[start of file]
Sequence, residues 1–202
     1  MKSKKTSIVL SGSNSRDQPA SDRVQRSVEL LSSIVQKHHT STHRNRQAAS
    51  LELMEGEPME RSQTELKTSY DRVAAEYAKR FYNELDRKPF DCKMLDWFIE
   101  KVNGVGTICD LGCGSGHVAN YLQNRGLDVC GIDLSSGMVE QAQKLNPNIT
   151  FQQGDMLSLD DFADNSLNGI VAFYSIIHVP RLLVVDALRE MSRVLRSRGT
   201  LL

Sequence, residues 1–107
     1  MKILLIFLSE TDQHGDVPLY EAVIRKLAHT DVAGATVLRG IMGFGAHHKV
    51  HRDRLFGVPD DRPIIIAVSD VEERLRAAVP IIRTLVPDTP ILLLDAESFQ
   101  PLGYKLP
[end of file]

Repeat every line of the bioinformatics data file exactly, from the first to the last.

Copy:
Sequence, residues 1–202
     1  MKSKKTSIVL SGSNSRDQPA SDRVQRSVEL LSSIVQKHHT STHRNRQAAS
    51  LELMEGEPME RSQTELKTSY DRVAAEYAKR FYNELDRKPF DCKMLDWFIE
   101  KVNGVGTICD LGCGSGHVAN YLQNRGLDVC GIDLSSGMVE QAQKLNPNIT
   151  FQQGDMLSLD DFADNSLNGI VAFYSIIHVP RLLVVDALRE MSRVLRSRGT
   201  LL

Sequence, residues 1–107
     1  MKILLIFLSE TDQHGDVPLY EAVIRKLAHT DVAGATVLRG IMGFGAHHKV
    51  HRDRLFGVPD DRPIIIAVSD VEERLRAAVP IIRTLVPDTP ILLLDAESFQ
   101  PLGYKLP